In 1968 Steve Reich wrote the essay, ‘Music as a Gradual Process’ in which he gave focus and definition to the idea of process in music. Reich wrote, ‘the distinctive thing about musical processes is that they determine the note-to-note (sound-to-sound) details and the overall form simultaneously’. Of course, this description is not limited to music of the same style as Reich’s early minimalist works: music to which this definition can be applied includes much contemporary music, experimental music, improvisation and improvisatory practices, ‘early’ (pre-tonal and mediaeval) musics, non-western music, and music which is understood through practice and practice-led approaches. The Music and/as Process study group represents scholars in all of these disciplines which, in many cases, are also music and areas of scholarship which are often not well represented within ‘traditional’ musicology.
The Music and/as Process study group aims to bring together academics and research students in the UK and further aﬁeld working on issues related to and arising from such a definition of process in music. Although the term ‘process’ might sometimes be understood very broadly, in particular the study group aims to address music in which processes are audible, perceptible, or otherwise concurrent with the music during its performance. Core areas of interest within this ﬁeld are compositional issues, performance practice, and the musicology of process in music. The study group also has a key interest in practice-led research and seeks to present such work on an equal footing as traditional papers at each event.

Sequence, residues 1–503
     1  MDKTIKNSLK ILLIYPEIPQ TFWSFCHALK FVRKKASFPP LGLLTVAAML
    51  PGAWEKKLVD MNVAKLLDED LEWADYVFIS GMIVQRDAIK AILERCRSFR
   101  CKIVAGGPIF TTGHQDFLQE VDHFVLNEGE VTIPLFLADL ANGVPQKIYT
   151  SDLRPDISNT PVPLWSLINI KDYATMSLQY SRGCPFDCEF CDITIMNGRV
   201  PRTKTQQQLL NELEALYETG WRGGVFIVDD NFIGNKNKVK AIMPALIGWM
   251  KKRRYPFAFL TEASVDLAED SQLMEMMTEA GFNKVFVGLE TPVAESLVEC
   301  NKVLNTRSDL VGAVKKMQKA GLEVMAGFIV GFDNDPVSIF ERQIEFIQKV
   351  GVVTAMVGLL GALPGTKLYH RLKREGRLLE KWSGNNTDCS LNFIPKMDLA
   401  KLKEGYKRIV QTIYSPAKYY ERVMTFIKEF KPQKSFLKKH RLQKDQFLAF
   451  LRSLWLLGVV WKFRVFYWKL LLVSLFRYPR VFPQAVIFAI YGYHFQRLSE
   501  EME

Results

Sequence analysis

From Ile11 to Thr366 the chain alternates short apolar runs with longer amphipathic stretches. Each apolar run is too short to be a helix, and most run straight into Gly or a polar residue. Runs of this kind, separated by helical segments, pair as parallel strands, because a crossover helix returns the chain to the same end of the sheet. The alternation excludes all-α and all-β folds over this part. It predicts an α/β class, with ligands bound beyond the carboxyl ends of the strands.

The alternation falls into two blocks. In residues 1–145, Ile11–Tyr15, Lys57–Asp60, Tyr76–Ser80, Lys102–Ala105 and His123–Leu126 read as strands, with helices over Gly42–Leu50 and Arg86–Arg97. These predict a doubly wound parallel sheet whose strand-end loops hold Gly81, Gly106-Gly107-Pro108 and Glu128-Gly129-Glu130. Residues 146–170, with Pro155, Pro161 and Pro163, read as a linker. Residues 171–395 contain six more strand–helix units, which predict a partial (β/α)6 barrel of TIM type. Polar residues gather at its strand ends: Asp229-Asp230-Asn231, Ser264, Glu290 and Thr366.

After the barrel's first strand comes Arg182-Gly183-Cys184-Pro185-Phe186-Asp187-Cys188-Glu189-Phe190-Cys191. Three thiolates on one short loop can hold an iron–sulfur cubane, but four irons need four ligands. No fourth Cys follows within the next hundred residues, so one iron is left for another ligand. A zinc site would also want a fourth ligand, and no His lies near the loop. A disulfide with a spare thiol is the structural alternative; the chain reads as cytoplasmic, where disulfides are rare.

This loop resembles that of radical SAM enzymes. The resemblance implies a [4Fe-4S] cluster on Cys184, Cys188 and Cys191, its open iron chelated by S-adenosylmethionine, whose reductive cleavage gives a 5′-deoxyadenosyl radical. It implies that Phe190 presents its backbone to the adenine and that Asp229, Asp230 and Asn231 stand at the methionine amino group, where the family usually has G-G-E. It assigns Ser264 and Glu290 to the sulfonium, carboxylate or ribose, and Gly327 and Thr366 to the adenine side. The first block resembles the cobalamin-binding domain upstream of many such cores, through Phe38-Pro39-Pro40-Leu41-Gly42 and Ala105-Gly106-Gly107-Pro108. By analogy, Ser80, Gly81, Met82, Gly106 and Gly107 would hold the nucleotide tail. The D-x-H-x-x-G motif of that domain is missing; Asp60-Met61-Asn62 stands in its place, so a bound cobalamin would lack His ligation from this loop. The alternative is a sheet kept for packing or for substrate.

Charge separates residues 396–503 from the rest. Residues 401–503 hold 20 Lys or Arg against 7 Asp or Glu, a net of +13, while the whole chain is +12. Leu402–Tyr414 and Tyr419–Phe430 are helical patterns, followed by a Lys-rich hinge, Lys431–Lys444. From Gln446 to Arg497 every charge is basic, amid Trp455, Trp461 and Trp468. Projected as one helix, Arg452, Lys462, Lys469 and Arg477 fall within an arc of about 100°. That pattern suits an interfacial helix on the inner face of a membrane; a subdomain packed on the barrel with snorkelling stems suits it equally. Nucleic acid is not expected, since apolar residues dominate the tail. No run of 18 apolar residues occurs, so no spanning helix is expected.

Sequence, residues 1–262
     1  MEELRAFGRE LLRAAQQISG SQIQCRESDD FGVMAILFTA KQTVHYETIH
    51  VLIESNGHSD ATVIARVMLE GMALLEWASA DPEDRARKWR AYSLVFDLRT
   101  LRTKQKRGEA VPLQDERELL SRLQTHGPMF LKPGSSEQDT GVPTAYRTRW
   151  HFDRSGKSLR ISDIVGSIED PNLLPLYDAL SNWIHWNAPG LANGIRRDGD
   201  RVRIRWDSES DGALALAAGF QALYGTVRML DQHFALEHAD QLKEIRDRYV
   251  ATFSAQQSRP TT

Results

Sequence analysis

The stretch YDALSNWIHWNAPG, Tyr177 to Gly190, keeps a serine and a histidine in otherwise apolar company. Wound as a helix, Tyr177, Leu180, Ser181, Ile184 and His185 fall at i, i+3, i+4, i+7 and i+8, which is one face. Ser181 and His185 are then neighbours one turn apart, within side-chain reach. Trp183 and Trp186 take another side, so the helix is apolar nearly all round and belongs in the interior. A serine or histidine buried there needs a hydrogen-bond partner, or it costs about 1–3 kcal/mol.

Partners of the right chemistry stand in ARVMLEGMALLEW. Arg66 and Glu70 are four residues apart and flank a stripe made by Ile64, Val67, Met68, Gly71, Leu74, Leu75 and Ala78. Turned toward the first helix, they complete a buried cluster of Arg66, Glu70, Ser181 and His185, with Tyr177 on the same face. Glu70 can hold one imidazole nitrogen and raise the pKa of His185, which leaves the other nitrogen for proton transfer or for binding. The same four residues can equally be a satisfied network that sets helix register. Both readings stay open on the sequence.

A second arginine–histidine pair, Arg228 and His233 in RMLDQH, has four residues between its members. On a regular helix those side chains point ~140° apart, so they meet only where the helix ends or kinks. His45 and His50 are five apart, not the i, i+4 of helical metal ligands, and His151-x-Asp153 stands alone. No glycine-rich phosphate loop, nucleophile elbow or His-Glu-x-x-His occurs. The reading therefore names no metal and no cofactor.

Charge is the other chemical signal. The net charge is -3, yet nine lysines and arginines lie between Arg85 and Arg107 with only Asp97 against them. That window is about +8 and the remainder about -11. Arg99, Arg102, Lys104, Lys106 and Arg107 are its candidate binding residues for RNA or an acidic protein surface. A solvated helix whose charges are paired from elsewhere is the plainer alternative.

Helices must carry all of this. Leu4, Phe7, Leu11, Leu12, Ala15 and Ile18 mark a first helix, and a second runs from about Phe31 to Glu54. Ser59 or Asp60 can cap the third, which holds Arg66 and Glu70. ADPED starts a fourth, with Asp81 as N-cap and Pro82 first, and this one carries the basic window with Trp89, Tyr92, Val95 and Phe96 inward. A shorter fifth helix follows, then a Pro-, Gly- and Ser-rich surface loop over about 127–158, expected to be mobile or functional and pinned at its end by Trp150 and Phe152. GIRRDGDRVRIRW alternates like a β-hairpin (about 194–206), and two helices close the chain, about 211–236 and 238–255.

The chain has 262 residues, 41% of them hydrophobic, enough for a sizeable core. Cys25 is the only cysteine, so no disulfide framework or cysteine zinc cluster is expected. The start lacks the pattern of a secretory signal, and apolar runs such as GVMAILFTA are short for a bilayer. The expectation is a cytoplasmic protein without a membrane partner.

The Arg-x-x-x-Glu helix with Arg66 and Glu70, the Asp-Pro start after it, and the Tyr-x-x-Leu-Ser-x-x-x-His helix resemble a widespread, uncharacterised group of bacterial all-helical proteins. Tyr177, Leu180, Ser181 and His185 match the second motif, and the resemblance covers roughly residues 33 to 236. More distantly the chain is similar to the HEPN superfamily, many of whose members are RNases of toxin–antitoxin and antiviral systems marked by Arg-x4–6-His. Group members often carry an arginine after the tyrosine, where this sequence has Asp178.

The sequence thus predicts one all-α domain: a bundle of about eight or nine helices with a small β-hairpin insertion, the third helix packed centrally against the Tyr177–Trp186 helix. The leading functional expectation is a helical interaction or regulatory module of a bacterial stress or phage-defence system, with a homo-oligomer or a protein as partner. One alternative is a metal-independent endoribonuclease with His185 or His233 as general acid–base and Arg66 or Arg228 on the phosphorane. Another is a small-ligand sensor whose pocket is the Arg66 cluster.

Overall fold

The annual conference of the study group aims to bring together the current study group members, along with other scholars in the field of Music and/as Process to examine current research in the topic and set the agenda for the coming year. The conferences also aim to strengthen links between scholars in the UK and the US through the events taking place at the nief-norf Summer Festival in Furman University (http://www.niefnorf.org/overview). A further aim of the conference is to widen the breadth of discussion and participation in the Music and/as Process study group, as such papers addressing aspects of process that extend the understanding of the topic beyond contemporary music to historical and non-western musics are particularly welcomed.
Our aim is to bring together practitioners and researchers to discuss music that ‘performs’ process. Furthermore we are interested in the different types of process that are undertaken in and by music and creative work and situate process in music as different from compositional technique; a facet of the performance, experience, and the temporal dimension of music. We also aim to discuss and document some of the different ways that composers and performers approach and discuss process in practice.